I went with my family to live in Marceline when I was five years old and I stayed there until I was nine. I clearly remember the day we arrived there on the train. A Mr. Coffman met us in his wagon and we rode out to our house in the country just outside the city limits. I believe it was called the Crane Farm. My first impression of it was that it had a beautiful front yard with lots of weeping willow trees.

The Taylors lived on one side of us and Doc Sherwood on the other. One of my fondest childhood memories is of Doc Sherwood. He used to encourage me in my drawing and gave me little presents for my efforts.

One time I think he must have held a horse of his nearly all day so that I could draw it. Needless to say, the drawing wasn’t so hot, but Doc made me think it was tops.

My brother Roy reminds me of another flyer I took in the line of art at that time. I painted one side of our house with pitch. The outcome must have been slightly frightening to say the least and I wasn’t thanked for my efforts by the family.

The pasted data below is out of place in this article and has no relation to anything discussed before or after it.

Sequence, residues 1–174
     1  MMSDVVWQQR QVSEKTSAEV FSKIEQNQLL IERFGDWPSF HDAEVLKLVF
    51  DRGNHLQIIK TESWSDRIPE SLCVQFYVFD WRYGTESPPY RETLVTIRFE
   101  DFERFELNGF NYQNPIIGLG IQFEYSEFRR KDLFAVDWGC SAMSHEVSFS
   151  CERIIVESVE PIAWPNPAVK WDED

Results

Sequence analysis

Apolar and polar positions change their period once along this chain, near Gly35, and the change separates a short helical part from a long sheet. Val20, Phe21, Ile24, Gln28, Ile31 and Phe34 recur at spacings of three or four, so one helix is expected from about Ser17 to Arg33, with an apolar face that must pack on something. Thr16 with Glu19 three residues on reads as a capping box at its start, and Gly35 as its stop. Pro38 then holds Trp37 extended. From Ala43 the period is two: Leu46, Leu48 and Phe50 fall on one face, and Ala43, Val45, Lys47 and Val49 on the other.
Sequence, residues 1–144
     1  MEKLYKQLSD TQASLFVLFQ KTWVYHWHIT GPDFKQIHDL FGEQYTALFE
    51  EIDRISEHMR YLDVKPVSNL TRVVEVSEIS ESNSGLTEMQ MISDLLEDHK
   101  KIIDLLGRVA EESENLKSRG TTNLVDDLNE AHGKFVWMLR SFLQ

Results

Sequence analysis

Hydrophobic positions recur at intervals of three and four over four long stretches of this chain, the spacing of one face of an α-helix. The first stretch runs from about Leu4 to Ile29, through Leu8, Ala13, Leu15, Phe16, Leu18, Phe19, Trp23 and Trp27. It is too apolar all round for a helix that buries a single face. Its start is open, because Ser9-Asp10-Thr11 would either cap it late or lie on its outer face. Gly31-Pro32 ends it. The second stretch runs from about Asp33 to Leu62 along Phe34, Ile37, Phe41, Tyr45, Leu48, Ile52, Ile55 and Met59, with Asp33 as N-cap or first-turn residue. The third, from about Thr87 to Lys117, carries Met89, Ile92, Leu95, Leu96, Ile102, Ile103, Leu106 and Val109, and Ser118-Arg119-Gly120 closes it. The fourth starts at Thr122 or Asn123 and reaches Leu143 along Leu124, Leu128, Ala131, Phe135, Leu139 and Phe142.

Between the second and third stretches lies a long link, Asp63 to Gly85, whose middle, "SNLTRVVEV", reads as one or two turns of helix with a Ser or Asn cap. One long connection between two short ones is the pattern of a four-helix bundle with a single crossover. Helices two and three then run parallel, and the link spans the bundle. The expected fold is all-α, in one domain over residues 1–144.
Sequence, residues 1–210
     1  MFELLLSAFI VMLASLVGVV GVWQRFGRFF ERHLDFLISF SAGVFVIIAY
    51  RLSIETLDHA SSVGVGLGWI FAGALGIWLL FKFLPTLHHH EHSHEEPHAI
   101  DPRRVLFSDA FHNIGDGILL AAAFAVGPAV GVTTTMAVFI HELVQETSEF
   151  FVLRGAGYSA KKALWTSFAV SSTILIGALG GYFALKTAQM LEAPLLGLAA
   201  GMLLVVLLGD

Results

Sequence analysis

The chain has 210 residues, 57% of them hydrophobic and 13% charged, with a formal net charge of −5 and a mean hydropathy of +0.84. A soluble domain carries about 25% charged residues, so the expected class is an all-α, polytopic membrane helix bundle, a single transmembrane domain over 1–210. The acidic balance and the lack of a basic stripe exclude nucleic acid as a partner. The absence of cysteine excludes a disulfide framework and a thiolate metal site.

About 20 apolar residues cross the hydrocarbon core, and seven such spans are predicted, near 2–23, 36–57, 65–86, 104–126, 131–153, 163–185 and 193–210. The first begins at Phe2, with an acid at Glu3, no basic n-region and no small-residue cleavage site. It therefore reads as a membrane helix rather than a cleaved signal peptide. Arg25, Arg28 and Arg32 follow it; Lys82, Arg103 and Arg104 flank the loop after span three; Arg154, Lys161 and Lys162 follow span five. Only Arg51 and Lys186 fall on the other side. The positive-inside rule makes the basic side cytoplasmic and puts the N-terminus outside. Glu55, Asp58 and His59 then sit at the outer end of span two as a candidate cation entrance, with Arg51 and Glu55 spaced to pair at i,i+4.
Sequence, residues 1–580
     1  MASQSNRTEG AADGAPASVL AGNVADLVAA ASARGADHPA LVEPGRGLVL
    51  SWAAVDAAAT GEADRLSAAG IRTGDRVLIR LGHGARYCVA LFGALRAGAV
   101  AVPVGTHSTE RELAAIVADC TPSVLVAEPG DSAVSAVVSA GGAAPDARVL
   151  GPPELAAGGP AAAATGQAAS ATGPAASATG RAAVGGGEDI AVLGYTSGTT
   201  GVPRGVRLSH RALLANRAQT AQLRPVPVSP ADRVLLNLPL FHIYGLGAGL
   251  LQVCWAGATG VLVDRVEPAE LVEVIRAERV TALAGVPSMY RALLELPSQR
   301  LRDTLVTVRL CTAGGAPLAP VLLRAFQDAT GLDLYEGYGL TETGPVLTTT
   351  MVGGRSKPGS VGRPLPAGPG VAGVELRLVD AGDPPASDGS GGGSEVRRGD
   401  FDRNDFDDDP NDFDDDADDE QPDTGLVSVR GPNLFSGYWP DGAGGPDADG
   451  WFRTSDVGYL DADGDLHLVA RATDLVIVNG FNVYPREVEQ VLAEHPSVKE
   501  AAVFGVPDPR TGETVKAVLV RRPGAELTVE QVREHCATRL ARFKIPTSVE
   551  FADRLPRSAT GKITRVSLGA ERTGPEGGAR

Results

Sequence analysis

I can remember the big red brick school house as if it were yesterday. Maybe if I saw it today it wouldn’t look so immense but it did to my young eyes. My first teacher’s name was Miss Brown.

And what fun used to have on winter days going down the hillsides lickety-split on a sled.

Everything connected with Marceline was a thrill to us, coming as we did from Chicago. The cows, pigs, chickens gave me a big thrill, and perhaps that’s the reason we use so many barnyard animals in the Mickey Mouse and Silly Symphony pictures today — who knows. You know what the psychologists say about the importance of childhood impressions.

An especial event in connection with my life in Marceline was the day I got to go down in the old No. 1 coal mine which was just a short distance from our place.

Before we left Marceline, we moved from the farm into town for awhile where we lived between the Wheelers and the Moormans. Mr. Moorman was the high school principal and Mrs. Moorman, I must confess, was my first “dream girl”. Of course, I was all of eight or nine at the time, but I can remember what pretty red hair she had.